The 19th of October is World Champagne Day. Although here in SA, we refer to our locally produced version as Methode Cap Classique (MCC), as only sparkling wines made in the Champagne region of France can be labelled under that name.
To accompany your glass of chilled bubbly, the Groot Constantia Wine Estate, South Africa’s oldest wine-producing farm, have shared some interesting facts about this much loved beverage that is synonymous with celebrations and good times.
- Champagne was created by accident – It originated in a cold area in France and this cold weather would interrupt the fermentation process. When warmer weather returned the fermentation process would start again – resulting in fizzy wine. Winemakers would try and halt this secondary fermentation process to no avail and thus, Champagne was born.
- Specially shaped bottles to stop exploding – In the early days of Champagne, normal wine bottles were used to store the Champagne. These bottles were not designed to withstand the pressure of the wine from the second fermentation and they kept exploding. The pressure in a bottle of bubbly is around three times the amount of pressure in an average car tyre.It is estimated that at least 90% of the bottles burst. This is why champagne bottles have a deeper indentation in the bottom than other wine bottles.
- Bubble trains – A typical bottle of champagne has around 49 million bubbles with 30 additional bubbles created each second. These bubble trains, called collarets, are the strings of bubbled beads trailing up the glass once you have poured it.
- Watch out! A popping champagne cork is more dangerous than you think! You are more likely to be killed by a champagne cork than a poisonous spider as it reaches up to 64km/hour.
- Record-breaking vintage. The oldest bottle of Champagne was found in 2010 in the Baltic Sea. It was among a horde of 167 bottles of bubbles that had aged almost to perfection. Among them was a 170-year-old bottle of Veuve Clicquot which was untouched by the ocean around it. This bottle was sold at an auction for 30,000 Euros, which set a new world record!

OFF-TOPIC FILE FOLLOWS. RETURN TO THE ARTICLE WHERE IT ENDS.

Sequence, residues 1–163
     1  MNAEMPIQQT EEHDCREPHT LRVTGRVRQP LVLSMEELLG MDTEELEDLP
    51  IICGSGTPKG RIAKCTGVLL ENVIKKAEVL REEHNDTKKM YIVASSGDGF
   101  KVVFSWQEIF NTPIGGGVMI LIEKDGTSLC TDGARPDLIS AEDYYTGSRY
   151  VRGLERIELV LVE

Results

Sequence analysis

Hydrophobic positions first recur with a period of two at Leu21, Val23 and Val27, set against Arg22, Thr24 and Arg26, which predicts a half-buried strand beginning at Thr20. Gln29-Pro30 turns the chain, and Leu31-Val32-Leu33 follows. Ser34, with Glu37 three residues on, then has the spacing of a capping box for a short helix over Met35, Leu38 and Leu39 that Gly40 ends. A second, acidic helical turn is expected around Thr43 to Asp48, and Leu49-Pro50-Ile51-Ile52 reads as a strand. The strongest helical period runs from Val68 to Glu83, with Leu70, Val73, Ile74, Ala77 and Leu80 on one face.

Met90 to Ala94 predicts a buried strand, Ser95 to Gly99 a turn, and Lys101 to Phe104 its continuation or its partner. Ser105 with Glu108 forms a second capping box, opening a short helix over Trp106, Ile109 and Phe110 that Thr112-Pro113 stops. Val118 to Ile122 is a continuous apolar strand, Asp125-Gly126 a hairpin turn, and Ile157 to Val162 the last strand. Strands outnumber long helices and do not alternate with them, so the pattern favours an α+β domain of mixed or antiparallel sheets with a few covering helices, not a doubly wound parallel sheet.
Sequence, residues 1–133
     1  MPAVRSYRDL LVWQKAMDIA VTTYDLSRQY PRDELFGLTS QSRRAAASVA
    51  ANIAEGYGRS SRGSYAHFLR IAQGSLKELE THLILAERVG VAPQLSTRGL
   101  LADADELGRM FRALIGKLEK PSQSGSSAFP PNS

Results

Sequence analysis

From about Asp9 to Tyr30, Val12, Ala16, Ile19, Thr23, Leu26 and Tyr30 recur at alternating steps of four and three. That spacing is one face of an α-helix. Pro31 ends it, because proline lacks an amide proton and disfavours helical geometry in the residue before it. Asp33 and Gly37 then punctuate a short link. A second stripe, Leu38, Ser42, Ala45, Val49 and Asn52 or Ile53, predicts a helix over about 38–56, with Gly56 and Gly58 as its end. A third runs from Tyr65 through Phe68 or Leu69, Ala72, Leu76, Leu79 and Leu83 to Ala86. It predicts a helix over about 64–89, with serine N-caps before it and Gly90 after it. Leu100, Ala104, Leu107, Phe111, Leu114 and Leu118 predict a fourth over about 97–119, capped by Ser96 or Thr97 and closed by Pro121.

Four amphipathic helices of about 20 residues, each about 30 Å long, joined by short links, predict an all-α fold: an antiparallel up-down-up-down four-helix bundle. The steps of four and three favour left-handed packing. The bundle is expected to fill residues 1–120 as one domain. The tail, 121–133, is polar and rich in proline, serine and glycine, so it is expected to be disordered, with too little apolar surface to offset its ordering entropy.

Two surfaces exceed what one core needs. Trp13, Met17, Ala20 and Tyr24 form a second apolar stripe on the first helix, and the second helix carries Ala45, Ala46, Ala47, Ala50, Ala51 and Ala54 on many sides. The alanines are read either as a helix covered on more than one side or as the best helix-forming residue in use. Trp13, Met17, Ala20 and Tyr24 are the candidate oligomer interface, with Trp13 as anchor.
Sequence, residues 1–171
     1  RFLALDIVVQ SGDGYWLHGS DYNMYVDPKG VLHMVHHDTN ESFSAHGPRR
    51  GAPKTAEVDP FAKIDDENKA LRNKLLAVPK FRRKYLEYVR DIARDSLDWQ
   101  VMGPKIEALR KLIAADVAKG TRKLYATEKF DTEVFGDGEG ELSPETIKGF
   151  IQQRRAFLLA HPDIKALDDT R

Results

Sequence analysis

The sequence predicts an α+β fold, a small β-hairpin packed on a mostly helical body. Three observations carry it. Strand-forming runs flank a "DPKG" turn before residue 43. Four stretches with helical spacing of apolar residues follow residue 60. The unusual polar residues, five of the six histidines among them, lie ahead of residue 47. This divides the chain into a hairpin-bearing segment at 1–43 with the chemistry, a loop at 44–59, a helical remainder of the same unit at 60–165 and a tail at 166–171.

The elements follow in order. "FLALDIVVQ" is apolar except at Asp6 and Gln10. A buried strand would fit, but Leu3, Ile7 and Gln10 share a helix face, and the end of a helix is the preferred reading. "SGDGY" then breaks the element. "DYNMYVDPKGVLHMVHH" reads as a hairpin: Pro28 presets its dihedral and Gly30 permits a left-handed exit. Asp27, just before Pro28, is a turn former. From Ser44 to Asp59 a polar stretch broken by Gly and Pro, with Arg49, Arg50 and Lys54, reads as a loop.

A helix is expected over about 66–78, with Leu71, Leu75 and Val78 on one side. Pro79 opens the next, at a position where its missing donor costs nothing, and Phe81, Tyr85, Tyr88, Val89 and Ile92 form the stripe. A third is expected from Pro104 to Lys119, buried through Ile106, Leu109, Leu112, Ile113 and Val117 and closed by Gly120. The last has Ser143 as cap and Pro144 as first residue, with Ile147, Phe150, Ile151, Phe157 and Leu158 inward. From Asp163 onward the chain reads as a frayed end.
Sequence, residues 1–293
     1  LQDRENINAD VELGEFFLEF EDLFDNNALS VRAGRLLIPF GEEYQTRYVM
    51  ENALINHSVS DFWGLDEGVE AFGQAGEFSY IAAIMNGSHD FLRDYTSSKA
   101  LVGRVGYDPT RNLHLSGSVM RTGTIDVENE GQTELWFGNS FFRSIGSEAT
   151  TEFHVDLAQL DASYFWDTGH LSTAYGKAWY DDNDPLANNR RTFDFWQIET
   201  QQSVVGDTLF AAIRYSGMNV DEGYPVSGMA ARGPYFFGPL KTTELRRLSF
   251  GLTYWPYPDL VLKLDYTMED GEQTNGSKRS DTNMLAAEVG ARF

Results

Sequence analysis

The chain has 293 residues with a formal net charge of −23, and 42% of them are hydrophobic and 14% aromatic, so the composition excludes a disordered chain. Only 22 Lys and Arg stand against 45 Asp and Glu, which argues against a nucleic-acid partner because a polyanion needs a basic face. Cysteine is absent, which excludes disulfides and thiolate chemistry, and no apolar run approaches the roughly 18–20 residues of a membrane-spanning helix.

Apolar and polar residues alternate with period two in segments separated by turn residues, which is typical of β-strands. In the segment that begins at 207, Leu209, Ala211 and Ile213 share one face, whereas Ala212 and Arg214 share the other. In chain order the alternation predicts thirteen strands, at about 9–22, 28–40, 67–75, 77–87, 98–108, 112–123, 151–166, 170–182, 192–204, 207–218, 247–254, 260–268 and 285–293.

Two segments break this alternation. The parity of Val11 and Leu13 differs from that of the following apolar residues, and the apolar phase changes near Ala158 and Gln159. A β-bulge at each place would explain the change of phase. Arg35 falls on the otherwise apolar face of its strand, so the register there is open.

- Get the fizz back. If your unfinished bottle of bubbly looks a bit flat by the end of the night drop a raisin into the bottle to restore the effervescence.
- The perfect glass. With its small surface area and elongated body, the flute encourages the long, slow release of bubbles, so you’ll enjoy your fizz for longer. The tulip has the slimmer base and neck of the flute but widens out in the middle – so it develops and maintains bubbles, and focuses the aromatics towards your nose. All have stems, so that your hand doesn’t affect the temperature of the bubbly.
The facts on MCC
Boela Gerber, winemaker at Groot Constantia explains that MCC is made using grapes that are low in sugar. “Similar to white wine, MCC grapes are pressed and then fermented to produce a low alcohol wine. But when the wine is ready for bottling, sugar and yeast is added and the wine-sugar-yeast mixture is bottled. The carbon dioxide in MCC is formed during the second fermentation in the bottle. The wine is left with the yeast lees in bottle for at least one year, often two three years, before the sediment is removed in a process called degorgement to get the wine for the market.”
“The Groot Constantia Method Cap Classique Brut Rose is highly recommended to celebrate Champagne Day and is made with 90% Pinot noir grapes and 10% Chardonnay grapes. Our MCC has a delicate salmon pink colour and is yeasty and doughy in characters on the nose with refreshing notes of stone fruit with crisp acidity on the palate,” says Gerber.
Enjoy on its own or with summer salads, deliciously fresh oysters and grilled fish dishes. Cheers!